Gittin 74

Retroactive divorce, retroactive exoneration?

By Rabbi Elliot Goldberg

A husband who is suffering from illness hands his wife a bill of divorce and says, “This is your get from now if I die from this illness.” As we have learned, by using this language, the husband has initiated a divorce that is conditional. Should he live, the couple remains married. Should he die, their divorce takes effect retroactively from the time of declaration.

The Gemara has been exploring many implications of such a declaration — including a striking hypothetical on today’s daf:

Rabbi Meir says: If she engages in sexual intercourse with another man (while her husband is still alive), the legal status of her sexual intercourse is dependent upon whether or not her husband dies from his illness.

Rabbi Yosei says: Her sexual intercourse has an uncertain status.

If, during her husband’s illness, the woman with a conditional divorce has sexual relations with another man, is she committing adultery? Let’s stipulate that this feels wrong, whatever his fate, but the question is not whether it’s advisable, but what transgression, if any, has taken place.

At first glance, it may look like both Rabbi Meir and Rabbi Yosei are uncertain. But a closer look reveals a difference between their approaches. Rabbi Meir says it depends on the outcome. This means that time, and her husband’s fate, will ultimately clarify whether she was married or divorced and if the sexual act was permitted or adulterous. If her husband dies, she did nothing wrong. If he lives, she and her paramour are guilty of adultery. 

Rabbi Yosei would agree that the husband’s recovery makes the woman’s actions adulterous, but he is not so quick to clear her if the husband dies. Her actions were made at a time when their marital status was uncertain, and therefore uncertainty about her guilt remains.

The Gemara now explores the practical implications of both positions:

Rabbi Yohanan said: The practical difference between them (Rabbi Meir and Rabbi Yosei) is with regard to the bringing of a provisional guilt-offering.

Provisional guilt offerings are brought when a person is uncertain about whether or not they are required to bring a sin-offering. According to Rabbi Meir, one is not required in this instance, as if the husband dies, the condition placed on the divorce has been met. Since no uncertainty remains, no sacrifice is required.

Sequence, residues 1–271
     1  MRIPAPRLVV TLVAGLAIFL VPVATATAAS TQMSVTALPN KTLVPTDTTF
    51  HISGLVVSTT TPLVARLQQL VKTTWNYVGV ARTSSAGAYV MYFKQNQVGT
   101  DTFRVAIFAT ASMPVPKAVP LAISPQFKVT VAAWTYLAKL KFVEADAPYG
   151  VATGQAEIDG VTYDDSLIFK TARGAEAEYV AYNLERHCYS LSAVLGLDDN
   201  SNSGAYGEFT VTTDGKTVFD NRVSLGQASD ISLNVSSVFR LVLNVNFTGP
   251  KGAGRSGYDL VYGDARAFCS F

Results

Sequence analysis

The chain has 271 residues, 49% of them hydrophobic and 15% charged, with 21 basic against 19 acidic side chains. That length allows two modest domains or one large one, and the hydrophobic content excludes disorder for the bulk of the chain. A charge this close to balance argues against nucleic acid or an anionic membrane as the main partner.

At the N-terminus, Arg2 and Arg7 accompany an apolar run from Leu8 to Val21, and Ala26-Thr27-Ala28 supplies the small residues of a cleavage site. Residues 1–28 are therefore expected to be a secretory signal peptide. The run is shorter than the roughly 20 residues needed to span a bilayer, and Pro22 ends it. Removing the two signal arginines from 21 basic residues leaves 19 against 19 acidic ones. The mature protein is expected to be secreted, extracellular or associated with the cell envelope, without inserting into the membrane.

Rabbi Yosei, on the other hand, requires the paramour to bring a provisional guilt-offering. Though ultimately the woman was retroactively divorced, what’s important here is that her status was not clear when the sexual act took place. Since it might have ended up being adulterous, their guilt is still uncertain and the sacrifice is required.

Here’s another way to look at it: Rabbi Meir appreciates that the couple’s actions are either permitted or forbidden, and that the determination is dependent upon the fate of the husband as stipulated in the divorce decree. In other words, he holds them accountable for the outcome — what ultimately happened and not for what might have happened. Rabbi Yosei does not agree. Though the husband ultimately died and she was declared retroactively divorced, we cannot say that at the time of the relationship it was OK, since the woman and her lover didn’t know for certain the husband would die. And this, according to Rabbi Yosei, makes their actions ethically dubious no matter how later events affected their legal status.

“Don’t do it, if you can’t be sure of the outcome,” suggests Rabbi Yosei.

“You decide if it is worth the risk,” replies Rabbi Meir. 

Which stance resonates most with you?

Read all of Gittin 74 on Sefaria.

This piece originally appeared in a My Jewish Learning Daf Yomi email newsletter sent on July 29th, 2023. If you are interested in receiving the newsletter, sign up here.

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